Texas OKs Bill Increasing Community Colleges Offering 4-year Degrees - Higher Education
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Texas OKs Bill Increasing Community Colleges Offering 4-year Degrees


by Catherine Morris

The Texas Legislature approved a bill on Monday that would allow more community colleges in the state to offer four-year degree programs.

“We think that that will provide a pathway for some of the poorest students in the state to achieve baccalaureate degrees,” commissioner of the Texas Higher Education Coordinating Board (THECB) Dr. Raymund A. Paredes said in a call with the press on Tuesday.

Dr. Raymund A. Paredes

Three community colleges in the state already offer four-year degree programs. Midland College, South Texas College and Brazosport College have been offering baccalaureate degree programs since 2003. The success of these programs helped precipitate the Texas Legislature’s decision to pass the bill, Paredes said.

Although those three schools are authorized to offer up to five bachelor’s programs, none have hit that upper limit so far. South Texas offers four baccalaureate programs, Midland offers one, and Brazosport recently proposed a second degree.

“That shows that in fourteen years, none of the three institutions have reached their maximum allotment of programs,” Paredes said. “We think that indicates that community colleges understand that it is difficult to mount these programs. It indicates that community colleges want to stick to their core mission of associate’s degrees and certificates.”

All of this, Paredes said, is a good sign, since it shows that community colleges are unlikely to rush to offer four-year degrees. The current bill is designed to ensure that four-year degree programs at community colleges will not compete with similar academic programs at public universities in the state.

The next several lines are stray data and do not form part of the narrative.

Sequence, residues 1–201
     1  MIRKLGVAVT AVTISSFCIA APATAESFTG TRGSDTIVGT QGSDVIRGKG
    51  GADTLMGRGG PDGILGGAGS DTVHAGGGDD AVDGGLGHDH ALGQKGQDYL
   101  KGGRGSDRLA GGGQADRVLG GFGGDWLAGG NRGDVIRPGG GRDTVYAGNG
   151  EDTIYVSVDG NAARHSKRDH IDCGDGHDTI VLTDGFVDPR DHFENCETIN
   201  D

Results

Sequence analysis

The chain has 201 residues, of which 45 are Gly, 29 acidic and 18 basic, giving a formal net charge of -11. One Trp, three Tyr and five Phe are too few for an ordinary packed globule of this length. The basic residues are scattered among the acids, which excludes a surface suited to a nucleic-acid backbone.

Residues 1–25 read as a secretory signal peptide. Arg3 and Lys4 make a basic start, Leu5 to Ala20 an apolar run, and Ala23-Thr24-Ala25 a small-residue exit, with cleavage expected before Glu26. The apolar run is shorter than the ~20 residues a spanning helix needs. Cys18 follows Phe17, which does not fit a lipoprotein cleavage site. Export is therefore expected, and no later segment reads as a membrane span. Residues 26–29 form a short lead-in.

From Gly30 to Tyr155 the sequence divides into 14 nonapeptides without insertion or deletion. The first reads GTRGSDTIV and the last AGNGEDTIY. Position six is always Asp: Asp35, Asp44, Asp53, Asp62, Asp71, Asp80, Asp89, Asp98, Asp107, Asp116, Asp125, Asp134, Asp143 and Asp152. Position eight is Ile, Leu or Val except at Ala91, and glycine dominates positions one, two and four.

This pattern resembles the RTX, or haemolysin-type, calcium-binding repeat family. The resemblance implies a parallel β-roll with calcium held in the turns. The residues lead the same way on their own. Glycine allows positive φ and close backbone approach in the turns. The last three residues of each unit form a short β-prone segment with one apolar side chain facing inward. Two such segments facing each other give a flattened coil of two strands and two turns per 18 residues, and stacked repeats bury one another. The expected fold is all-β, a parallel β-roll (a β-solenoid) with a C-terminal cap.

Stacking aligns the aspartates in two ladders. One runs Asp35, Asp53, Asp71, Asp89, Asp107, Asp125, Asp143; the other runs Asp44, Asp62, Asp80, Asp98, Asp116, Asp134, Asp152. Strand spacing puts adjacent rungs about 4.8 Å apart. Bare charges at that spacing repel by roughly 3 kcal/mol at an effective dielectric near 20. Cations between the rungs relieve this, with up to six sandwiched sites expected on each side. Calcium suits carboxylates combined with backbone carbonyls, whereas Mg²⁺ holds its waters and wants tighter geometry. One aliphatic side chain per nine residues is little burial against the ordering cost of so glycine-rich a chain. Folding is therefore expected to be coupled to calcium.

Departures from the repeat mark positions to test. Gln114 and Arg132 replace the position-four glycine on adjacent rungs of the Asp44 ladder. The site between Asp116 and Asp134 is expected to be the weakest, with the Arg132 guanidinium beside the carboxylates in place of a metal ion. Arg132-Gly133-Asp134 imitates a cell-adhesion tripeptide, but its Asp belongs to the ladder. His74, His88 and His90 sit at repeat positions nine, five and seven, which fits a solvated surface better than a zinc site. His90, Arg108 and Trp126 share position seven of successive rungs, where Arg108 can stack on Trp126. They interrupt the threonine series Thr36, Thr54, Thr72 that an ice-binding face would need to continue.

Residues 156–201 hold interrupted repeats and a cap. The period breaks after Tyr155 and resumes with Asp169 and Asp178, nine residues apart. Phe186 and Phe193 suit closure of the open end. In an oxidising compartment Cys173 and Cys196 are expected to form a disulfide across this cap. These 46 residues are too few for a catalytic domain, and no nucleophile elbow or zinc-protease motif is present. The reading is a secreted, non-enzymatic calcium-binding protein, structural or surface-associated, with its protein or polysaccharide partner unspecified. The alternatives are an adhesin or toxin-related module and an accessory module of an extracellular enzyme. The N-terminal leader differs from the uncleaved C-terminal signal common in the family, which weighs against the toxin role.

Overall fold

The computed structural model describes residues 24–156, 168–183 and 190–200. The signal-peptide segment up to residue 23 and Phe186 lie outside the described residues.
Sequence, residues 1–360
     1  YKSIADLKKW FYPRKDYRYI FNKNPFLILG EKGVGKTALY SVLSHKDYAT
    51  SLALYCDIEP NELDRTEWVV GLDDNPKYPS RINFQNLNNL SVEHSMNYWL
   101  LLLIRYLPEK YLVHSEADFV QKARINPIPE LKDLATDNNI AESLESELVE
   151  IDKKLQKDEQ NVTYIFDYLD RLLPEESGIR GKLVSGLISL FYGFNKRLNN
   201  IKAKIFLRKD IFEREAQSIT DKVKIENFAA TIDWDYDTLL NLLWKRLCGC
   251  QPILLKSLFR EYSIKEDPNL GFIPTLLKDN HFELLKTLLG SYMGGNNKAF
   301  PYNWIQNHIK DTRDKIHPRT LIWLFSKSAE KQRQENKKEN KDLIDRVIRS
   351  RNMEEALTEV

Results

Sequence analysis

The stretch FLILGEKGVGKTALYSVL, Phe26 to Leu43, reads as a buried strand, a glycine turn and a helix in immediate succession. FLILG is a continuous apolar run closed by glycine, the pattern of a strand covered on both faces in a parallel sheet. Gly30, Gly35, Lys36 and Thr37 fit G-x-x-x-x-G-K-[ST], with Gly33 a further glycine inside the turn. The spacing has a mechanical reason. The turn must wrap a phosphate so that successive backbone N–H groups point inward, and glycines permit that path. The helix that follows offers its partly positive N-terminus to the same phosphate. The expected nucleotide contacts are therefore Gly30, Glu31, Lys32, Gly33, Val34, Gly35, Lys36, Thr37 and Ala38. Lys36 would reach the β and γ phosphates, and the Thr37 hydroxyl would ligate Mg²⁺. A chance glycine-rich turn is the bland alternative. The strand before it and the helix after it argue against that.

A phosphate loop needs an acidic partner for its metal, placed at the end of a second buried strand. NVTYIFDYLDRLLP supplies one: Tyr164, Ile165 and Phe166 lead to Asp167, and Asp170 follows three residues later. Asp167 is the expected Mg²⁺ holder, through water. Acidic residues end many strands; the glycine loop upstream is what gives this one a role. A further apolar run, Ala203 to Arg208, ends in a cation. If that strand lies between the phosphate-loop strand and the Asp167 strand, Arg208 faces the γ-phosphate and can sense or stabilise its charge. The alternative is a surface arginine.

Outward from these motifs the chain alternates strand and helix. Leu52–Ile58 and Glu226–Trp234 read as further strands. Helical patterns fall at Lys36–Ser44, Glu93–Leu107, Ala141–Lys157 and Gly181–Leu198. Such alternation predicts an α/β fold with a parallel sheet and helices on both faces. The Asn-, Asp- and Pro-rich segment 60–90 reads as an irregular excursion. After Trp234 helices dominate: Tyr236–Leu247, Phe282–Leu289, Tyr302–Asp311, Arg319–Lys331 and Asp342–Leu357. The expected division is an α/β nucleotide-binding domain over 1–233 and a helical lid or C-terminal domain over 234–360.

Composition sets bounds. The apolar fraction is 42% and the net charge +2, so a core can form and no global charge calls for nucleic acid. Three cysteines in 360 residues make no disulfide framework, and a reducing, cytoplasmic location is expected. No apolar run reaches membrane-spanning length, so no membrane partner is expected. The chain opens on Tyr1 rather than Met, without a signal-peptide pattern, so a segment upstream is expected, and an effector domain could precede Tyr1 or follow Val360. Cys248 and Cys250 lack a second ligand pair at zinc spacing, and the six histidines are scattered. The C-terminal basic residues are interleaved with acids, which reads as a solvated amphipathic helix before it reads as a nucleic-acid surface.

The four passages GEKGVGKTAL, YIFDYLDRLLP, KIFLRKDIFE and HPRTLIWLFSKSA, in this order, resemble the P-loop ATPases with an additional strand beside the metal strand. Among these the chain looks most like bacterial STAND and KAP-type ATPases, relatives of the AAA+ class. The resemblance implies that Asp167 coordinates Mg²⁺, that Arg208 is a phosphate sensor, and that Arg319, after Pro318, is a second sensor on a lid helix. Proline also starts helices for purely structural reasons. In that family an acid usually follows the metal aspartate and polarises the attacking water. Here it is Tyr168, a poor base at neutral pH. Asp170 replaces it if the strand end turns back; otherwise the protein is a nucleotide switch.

So far, 10 community colleges have indicated interest in submitting proposals that would allow them to develop a four-year degree program.

Opening up space for community colleges to offer four-year degrees stands to impact the state’s minority student population. Texas has the second largest Latino population in the nation behind California, and Latinos make up the largest percentage of minority students attending community colleges.

Facing a budget crunch, the legislature was considering budget cuts across the spectrum of public colleges and universities earlier this year. By and large, public higher education in the state evaded those sorts of cuts, Paredes said on Tuesday, and community colleges even made gains in certain performance-based allocations from the state.

In addition, the legislature was eying a bill that would have frozen tuition for the next two years and capped its growth in subsequent years. Although the bill did not pass, it signals broader concerns in the state about balancing affordability and institutional revenue.

“I think that there is a lot of concern in the legislature that we’re reaching the breaking point in terms of maintaining accessibility to higher education, particularly at universities,” Paredes said.

That makes baccalaureate degrees at the community college level particularly valuable, particularly because they can be delivered at about half of the cost of a traditional baccalaureate.

“I think the [legislature’s] going to watch how much expansion we have of these kinds of programs in order to determine what might happen next session,” Paredes said.

Staff writer Catherine Morris can be reached at cmorris@diverseeducation.com.

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